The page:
For years, pet owners have been complaining that their dogs became ill and, in many cases, died after eating jerky treats from China, many of them containing chicken. The U.S. Food and Drug Administration (FDA) has been investigating but in a recent update, admitted that it has not found a definitive cause.
However, the agency noted that in the past 10 years, there has been a dramatic increase in pet food imported from China, much of it containing chicken.
It turns out that Chinese consumers prefer dark meat, which leaves a lot of white chicken meat available for export. But Chinese chicken is not approved for human consumption in the U.S. because of concerns about bird flu and unsanitary conditions in Chinese factories, meaning all that white meat -- the very same meat deemed unfit for humans -- is available for use in pet food and treats.
By the FDA's count, the amount of pet food imported from China has grown 85-fold in recent years, with nearly 86 million pounds of pet food being imported in 2011.
"Pet treats, including jerky pet treats are currently considered the fastest growing segment in the pet food market," the FDA noted.
The FDA says it has received about 2,200 reports of pets becoming ill or dying after eating jerky treats; 360 died. Most of those reports involved dogs, although a few cats have also become ill.
ConsumerAffairs receives a constant stream of such reports, like this one from Lucinda of Strasburg, Va.:
"After wondering why our dog was getting so sick, I started hearing about the Waggin Train Jerky Treats. I checked in her box of different treats and discovered that I have an almost empty bag of Waggin Train Jerky Tenders! I am so upset and broken hearted because my dog is dying! ... Our sweet girl is dying because of this poison!"
The majority of the cases in dogs report primarily gastrointestinal signs, including vomiting and diarrhea, sometimes with blood or mucus, and can involve severe signs such as pancreatitis or gastrointestinal bleeding.
The next most common signs relate to kidney function, including frequent urination, increased urine, severe thirst, kidney failure and some cases resemble a rare kidney related illness called Fanconi’s syndrome.
There does not appear to be a geographic pattern to the case reports, the FDA said. Cases have been reported from all 50 states and 6 Canadian provinces in the past 18 months.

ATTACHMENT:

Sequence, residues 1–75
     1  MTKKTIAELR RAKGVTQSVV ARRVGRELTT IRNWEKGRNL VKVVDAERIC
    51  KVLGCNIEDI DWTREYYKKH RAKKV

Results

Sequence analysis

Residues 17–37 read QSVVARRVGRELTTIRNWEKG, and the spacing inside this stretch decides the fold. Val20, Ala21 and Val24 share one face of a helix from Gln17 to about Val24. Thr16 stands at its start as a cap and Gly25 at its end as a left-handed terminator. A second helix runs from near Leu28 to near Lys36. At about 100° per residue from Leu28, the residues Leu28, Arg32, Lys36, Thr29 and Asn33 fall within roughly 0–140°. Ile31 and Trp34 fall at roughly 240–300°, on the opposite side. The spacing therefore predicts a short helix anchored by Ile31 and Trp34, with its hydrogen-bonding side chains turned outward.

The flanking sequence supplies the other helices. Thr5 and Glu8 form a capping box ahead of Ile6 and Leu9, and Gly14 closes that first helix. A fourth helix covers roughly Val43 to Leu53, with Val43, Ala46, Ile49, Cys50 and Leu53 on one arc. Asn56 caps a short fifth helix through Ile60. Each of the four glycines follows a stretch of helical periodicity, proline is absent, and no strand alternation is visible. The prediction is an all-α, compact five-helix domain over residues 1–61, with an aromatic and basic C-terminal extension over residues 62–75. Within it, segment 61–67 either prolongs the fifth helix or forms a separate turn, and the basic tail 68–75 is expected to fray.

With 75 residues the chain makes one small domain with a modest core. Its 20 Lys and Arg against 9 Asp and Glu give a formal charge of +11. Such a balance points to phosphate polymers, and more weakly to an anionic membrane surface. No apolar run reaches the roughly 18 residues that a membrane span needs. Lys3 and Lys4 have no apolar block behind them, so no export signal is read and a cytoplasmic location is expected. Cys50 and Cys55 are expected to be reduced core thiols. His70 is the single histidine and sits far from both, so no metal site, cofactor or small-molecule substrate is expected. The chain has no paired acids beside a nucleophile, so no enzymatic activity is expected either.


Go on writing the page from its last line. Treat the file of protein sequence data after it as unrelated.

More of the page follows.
The FDA has issued warnings to pet owners about the potential threat posed by tainted jerky treats from China but hasn't ordered the products off the shelves because it can't prove they are responsible for the reported illnesses.
Why is it so hard to get to the bottom of the mystery? The FDA says its investigation is "complex, multifaceted and includes a wide variety of experts at the FDA including toxicologists, epidemiologists, veterinary researchers, forensic chemists, microbiologists, field investigators and senior agency officials."
It seems pretty simple, though, to pet owners whose animals are ill. Many try to avoid pet treats from China only to learn too late that they did not read all the fine print.
"To my surprise, these treats were made in China," said Beverly of Palmetto, Fla., whose two rat terriers became ill after eating Waggin Train treats. "The packages say product of the US, but if you search hard enough you'll find 'Made in China' somewhere on the bag.
What to do
So what's a pet owner to do?
In November 2011, the agency issued a warning to pet owners that echoed a similar advisory from 2007:
“FDA is advising consumers who choose to feed their dogs chicken jerky products to watch their dogs closely for any or all of the following signs that may occur within hours to days of feeding the products: decreased appetite; decreased activity; vomiting; diarrhea, sometimes with blood; increased water consumption and/or increased urination. If the dog shows any of these signs, stop feeding the chicken jerky product. Owners should consult their veterinarian if signs are severe or persist for more than 24 hours.”
The agency issued a similar warning just a few days ago.
Amidst all the verbiage, the advice boils down to this: if you want to feed your dog treats, make them baked cookie-type treats rather than meat jerky. But be aware that these can also cause problems in some dogs and be ready to respond if your pet shows signs of illness.
Frustrated with the lack of action, some pet owners have gone to court seeking action. Last July, a class action suit against Nestle Purina charged that the company's Waggin' Train treats had sickened their pets.
Most major pet food companies are included in the complaints on file at the FDA. A few of the more familiar brands identified by the agency include:
- Milo's Kitchen;
- Smokehouse Pet Products Inc.;
- Waggin' Train; and
- Kingdom Pets.
There is, of course, no fool-proof way to avoid contaminated pet food just as there is no absolute protection against contamination in the human food supply. But sticking to baked snacks, along with carefully monitoring your pet's health and responding quickly to illness, is a good start.
Maybe someday, the FDA will find an answer. Or, then again, maybe it will approve chicken from China for human consumption, which will at least put humans and their pets on equal footing.